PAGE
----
started to degrade by firmly applying a
piece of transparent Scotch tape to the
wood surface and pulling it off. If
there are several wood fibers on the
tape, the sun's UV rays have already
Oil or latex?
the tape, the sun's UV rays have
already done their dirty work.
If these tests indicate the wood
is sound, use acrylic latex primer and
acrylic latex finish coat. If the tests
indicate the wood has degraded, the
preferred method is to remove the
dead punky fibers by scraping or
sanding. Test again to see if any fibers
come loose. If there are no fibers
coming off, use an acrylic primer and
acrylic topcoat. If you don't remove
the loose fibers, use an oil-based
primer followed by an acrylic finish
Oil-based finish stains do
allow more of the wood texture to
show through than does latex stains,
so if you want to maximize the
appearance of the wood texture, use
an oil-based stain.
For previously
painted wood, a primer is not
necessary to be used other than spot
priming of repaired areas. The usual
preparation work, i.e. scrapping loose
paint, filling nail holes, sanding,
“New wood outside should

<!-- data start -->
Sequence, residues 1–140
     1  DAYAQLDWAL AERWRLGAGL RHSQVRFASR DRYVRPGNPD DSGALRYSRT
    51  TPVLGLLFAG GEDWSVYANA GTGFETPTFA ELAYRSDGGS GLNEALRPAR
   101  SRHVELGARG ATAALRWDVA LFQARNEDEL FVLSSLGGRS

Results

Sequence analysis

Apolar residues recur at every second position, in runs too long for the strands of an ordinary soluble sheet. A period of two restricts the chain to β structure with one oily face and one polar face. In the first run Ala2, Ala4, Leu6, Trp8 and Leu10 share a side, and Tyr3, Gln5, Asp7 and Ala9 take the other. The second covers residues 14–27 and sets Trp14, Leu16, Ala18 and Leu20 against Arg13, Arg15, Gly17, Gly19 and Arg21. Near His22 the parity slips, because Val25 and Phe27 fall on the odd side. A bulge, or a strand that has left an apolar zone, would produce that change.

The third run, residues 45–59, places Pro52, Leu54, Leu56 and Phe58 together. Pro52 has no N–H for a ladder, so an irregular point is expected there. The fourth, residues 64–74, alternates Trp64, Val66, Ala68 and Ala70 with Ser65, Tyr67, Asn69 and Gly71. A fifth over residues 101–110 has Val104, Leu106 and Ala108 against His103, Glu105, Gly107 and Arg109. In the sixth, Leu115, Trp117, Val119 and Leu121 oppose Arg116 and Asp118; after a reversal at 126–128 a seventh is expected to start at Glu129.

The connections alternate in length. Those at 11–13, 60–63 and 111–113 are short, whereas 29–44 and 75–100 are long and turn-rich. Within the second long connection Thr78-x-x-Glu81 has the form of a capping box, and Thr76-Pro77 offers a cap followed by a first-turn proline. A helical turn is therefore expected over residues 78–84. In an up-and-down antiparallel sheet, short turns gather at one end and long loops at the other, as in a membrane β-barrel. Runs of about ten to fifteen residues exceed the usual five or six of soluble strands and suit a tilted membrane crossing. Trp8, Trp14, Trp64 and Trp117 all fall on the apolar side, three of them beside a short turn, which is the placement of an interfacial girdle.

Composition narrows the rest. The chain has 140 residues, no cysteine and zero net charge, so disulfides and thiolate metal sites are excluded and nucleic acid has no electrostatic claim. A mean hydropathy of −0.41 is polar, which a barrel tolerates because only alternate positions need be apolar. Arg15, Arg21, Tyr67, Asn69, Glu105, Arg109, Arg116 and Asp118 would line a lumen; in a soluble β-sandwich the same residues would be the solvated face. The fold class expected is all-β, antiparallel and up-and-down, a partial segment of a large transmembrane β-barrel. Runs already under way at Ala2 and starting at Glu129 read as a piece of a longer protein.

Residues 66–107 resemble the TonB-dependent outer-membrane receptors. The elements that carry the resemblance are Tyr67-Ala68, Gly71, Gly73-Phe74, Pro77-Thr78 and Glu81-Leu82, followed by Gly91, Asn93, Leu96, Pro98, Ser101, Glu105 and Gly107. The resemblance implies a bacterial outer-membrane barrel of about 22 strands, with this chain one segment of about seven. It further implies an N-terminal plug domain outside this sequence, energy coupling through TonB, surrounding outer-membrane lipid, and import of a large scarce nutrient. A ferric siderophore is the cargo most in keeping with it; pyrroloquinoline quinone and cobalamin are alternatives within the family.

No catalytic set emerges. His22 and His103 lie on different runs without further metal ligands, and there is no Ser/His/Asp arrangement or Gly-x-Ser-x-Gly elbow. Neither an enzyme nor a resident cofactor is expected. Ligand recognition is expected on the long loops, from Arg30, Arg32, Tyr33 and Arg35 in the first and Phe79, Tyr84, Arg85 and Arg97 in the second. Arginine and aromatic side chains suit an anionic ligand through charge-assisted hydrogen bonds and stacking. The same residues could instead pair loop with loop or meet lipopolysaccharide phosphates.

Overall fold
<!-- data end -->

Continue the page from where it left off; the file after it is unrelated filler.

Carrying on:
be painted as soon as
caulking, spot-priming, etc. is required
for both acrylic latex and oil-based
finish coats. If the old paint is in
sound condition and the wood is
sound acrylic latex paint should be
used. If the wood is in very poor
condition, pitted, cracked and soft, oilbased primer followed by oil-based
finish coat is the best choice. In this
case, it is hoped that the deeper
penetration of the oil-based products
will help to hold things together. As a
rule of thumb, if more than 5 coats
of paint is already in place, use an
oil based finish.
For vinyl, aluminum and
steel siding, acrylic finish coat
should be used. No primer is
necessary. It is important that chalk be
removed before painting. There is no
reason to ever use oil-based paint on these
For unpainted
galvanized metal, use a 100%
acrylic latex primer followed by an
acrylic topcoat. Do not use an oil-based
primer on bare galvanized metal. The zinc
in the galvanized metal reacts with the
oil resin causing paint failure.
For masonry surfaces
Use acrylic finish coats and acrylic primers
if required. Most acrylic finish coats
designed for masonry do not require
primers. Oil-based finishes should not be used
on masonry because a chemical reaction
occurs between the masonry and the alkyd
resins found in oil-based paints. This
reaction degrades the oil-based primers.
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Graham Paint
4100 W 76th Street
Unit G
Chicago, IL 60652
[email protected]
“Absolutely the best
paint you can buy”
We’re on the Web!
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Graham Paint has a great new product
called ELEMENT. This new paint is
a one-coat heavy build self-priming
paint that can be applied down to 35º
Incidentally, all Aqua Borne
Ceramic® exterior products can be
applied down to 35º.
Painters tell us it is much easier to
apply than Sherwin Williams Duration
and PPG’s Timeless.